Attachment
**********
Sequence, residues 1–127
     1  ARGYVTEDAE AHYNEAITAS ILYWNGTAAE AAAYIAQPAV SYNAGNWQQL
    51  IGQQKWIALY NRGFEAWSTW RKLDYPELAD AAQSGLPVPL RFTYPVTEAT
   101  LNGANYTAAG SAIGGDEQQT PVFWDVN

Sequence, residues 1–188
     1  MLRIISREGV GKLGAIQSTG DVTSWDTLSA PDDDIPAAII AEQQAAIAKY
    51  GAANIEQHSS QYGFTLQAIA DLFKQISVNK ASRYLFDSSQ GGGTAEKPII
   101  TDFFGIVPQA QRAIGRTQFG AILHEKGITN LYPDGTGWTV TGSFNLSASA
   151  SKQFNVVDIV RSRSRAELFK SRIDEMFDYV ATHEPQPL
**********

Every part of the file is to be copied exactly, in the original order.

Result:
Sequence, residues 1–127
     1  ARGYVTEDAE AHYNEAITAS ILYWNGTAAE AAAYIAQPAV SYNAGNWQQL
    51  IGQQKWIALY NRGFEAWSTW RKLDYPELAD AAQSGLPVPL RFTYPVTEAT
   101  LNGANYTAAG SAIGGDEQQT PVFWDVN

Sequence, residues 1–188
     1  MLRIISREGV GKLGAIQSTG DVTSWDTLSA PDDDIPAAII AEQQAAIAKY
    51  GAANIEQHSS QYGFTLQAIA DLFKQISVNK ASRYLFDSSQ GGGTAEKPII
   101  TDFFGIVPQA QRAIGRTQFG AILHEKGITN LYPDGTGWTV TGSFNLSASA
   151  SKQFNVVDIV RSRSRAELFK SRIDEMFDYV ATHEPQPL